How bush fires changed Australia
One recent opinion piece published in The Age presents the results of historic research carried out by Grace Moore, from the University of Melbourne. Dr. Moore’s research is focused on Australia’s long-standing history with bush fires. Nowadays, these natural calamities are understood as an effect of the climate change phenomenon. Back in the 19th century, say Dr. Moore’s findings, they were being regarded rather differently. In the narratives of such fires written during the rule of Queen Victoria, the most common depiction of such occurrences centered around the devastation they caused. They would alter the landscape, destroy homes, and wreak havoc throughout entire communities – or, at least that’s how the population perceived them. The British colonists had to experience such wild fires as a sort of rite of passage, ‘welcoming’ them to the new land.
Later on, in the time of the two World Wars, they were used as pretexts to rally the troops and enlist them in the country’s WWI efforts. A famous poster in that era likens the German threat to the impending disaster of a bush fire and urges the population to take arms against the enemy. The same kind of discourse was reprised by John Howard in 2003, when the Prime Minister spoke about them as being a ‘terror’, in an effort to summon the collective conscience to act against them. Furthermore, bush fires are also prominently featured in the debate regarding Australia’s climate change policy. As the phenomenon of global warming expands, the fires are regarded as a collateral effect, together with the desertification of some of Australia’s territory.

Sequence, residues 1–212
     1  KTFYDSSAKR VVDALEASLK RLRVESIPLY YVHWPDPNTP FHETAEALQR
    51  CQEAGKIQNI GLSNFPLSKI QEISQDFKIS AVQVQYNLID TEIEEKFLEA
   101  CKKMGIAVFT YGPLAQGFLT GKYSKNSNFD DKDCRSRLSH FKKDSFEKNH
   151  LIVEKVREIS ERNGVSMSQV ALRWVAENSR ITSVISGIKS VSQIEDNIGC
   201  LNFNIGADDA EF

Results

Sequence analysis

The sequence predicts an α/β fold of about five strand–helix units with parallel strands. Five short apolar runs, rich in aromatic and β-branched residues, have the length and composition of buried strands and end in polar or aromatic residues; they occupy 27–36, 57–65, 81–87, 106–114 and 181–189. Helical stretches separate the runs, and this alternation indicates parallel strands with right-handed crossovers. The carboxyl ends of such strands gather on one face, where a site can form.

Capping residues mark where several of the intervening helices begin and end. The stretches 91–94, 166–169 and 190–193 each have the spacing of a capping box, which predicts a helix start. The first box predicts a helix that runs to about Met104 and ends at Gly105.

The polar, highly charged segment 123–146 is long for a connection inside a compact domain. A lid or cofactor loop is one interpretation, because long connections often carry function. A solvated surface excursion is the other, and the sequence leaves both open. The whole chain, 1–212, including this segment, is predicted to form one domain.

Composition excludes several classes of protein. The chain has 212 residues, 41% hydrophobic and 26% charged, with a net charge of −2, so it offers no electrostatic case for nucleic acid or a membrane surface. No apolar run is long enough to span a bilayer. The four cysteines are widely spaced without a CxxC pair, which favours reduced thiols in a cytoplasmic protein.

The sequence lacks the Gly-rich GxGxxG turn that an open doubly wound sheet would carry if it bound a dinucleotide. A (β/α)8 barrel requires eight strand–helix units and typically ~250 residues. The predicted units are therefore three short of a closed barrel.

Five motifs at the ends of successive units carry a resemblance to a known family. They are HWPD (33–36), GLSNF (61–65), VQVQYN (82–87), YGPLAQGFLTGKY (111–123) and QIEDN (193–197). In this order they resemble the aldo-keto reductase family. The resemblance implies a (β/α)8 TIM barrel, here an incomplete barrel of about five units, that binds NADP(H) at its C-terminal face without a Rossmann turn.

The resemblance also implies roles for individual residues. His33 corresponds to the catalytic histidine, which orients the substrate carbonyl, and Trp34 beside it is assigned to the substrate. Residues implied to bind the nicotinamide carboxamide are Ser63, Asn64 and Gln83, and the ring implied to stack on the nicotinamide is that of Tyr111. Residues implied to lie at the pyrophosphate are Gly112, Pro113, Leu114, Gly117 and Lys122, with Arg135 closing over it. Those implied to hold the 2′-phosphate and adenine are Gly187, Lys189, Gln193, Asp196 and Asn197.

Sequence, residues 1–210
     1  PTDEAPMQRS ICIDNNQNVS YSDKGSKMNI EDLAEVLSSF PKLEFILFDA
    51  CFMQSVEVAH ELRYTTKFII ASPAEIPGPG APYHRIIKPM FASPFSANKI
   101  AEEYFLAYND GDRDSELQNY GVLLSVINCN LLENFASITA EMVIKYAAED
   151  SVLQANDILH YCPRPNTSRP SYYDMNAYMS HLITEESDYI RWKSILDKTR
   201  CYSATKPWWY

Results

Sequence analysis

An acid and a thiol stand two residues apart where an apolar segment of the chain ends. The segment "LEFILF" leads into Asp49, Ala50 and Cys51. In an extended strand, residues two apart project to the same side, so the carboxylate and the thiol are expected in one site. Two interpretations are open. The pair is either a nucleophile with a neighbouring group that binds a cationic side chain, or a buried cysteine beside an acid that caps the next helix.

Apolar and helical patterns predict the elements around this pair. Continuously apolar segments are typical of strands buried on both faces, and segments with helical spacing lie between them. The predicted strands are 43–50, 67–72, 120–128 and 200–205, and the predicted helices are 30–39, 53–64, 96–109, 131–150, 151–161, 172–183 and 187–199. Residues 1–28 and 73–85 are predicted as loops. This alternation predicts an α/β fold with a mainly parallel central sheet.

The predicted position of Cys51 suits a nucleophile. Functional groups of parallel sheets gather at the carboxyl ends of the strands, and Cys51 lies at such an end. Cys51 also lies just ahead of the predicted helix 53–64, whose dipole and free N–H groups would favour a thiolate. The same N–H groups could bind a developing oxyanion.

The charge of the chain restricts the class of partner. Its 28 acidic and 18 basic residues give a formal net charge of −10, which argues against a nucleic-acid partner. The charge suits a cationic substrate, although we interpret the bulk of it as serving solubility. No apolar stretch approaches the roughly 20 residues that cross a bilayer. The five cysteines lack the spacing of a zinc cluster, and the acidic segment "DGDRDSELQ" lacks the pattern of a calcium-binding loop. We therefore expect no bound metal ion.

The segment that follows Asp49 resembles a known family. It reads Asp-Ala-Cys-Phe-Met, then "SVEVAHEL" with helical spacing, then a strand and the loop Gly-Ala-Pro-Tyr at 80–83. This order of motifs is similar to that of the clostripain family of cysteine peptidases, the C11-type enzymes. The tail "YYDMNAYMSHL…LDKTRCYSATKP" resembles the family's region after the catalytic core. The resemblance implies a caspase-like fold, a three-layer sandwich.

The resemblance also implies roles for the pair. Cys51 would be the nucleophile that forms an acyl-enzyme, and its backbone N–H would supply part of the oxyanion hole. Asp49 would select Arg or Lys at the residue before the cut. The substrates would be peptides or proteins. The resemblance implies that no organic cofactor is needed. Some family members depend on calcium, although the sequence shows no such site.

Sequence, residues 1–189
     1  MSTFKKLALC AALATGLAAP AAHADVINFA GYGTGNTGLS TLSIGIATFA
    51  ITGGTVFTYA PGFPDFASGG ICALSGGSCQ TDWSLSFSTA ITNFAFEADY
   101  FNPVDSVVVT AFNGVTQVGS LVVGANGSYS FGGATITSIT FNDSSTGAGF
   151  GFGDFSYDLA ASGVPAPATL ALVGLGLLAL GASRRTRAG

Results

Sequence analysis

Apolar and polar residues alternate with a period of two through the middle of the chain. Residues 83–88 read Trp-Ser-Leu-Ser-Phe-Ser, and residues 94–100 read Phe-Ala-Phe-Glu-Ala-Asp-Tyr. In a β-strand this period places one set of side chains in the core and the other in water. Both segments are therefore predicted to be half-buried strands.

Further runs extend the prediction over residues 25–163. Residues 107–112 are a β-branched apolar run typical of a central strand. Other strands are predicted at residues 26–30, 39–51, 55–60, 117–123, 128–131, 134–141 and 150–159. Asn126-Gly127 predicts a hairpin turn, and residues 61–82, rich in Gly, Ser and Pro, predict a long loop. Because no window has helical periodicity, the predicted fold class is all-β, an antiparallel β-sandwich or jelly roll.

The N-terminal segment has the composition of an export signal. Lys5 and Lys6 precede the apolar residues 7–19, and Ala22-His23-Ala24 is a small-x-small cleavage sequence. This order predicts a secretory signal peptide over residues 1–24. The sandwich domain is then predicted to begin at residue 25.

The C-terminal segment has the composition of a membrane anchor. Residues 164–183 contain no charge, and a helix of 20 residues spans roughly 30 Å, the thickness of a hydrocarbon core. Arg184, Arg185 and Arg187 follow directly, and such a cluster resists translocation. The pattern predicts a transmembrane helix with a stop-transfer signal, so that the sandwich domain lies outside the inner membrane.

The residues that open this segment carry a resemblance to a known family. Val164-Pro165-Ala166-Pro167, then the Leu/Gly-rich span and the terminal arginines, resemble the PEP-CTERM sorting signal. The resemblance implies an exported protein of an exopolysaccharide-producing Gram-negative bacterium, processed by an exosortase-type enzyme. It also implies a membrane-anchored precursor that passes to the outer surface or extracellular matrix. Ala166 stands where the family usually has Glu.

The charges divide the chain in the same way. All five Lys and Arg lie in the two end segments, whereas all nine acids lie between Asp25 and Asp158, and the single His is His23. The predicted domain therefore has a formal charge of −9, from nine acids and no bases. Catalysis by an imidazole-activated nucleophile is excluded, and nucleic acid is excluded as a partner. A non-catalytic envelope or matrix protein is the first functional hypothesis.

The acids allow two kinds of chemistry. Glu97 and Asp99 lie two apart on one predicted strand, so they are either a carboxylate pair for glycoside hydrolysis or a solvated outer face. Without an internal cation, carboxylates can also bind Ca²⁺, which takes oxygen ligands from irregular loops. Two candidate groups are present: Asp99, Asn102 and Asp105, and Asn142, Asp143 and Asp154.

Science comes to the rescue
But the conversation about doing something to save the planet, preserve its resources and make it better for the coming generations is not all marred by fatalism. Recently, Australian-born Hollywood star Hugh Jackman published an impassioned piece regarding the benefits of technology. The actor recounted his experience as a coffee investor and spoke about his first trip to Ethiopia. His coffee production is entirely fair trade, which means that the experience enabled him to witness first-hand the effects that wisely implemented new technologies can do a lot to restore an area’s prosperity and do improve its trade relationships. Jackman’s article is actually a plea to rescuing trees in Ethiopia – during his trip to Africa he learned that deforestation is a serious issue, which affects numerous aspects of life, including the coffee industry. In a country in which 84 per cent of wood is used for energy, an alternative was needed, and that alternative came in the shape of manure. In order to make sure he was at the heart of the issue, Jackman started his own coffee company. His lesson in ecology: “It made me reassess everything that I was doing, why I was doing it, and what was really important. It doesn’t matter where we come from. I’m from Australia, and I live in New York. (…) We’re really not that different.”
Small measures for a greener lifestyle
Jackman’s attitude is beginning to be replicated in Australia, even at household level. Homeowners are opting for an environmentally conscious, sustainable lifestyle more and more. They are also preoccupied with finding sounder alternatives in all aspects of their daily lives. Some are choosing solar panels, other opt for durable wall mounted clotheslines, while others still shop only locally, to sustain farmers and the local economy. Australia might have a long way ahead, before it reaches its environmental goals, but one thing is for sure: its resilient past is informing a mindful attitude toward the environment in the present. And that is definitely something the rest of the world can start paying attention to.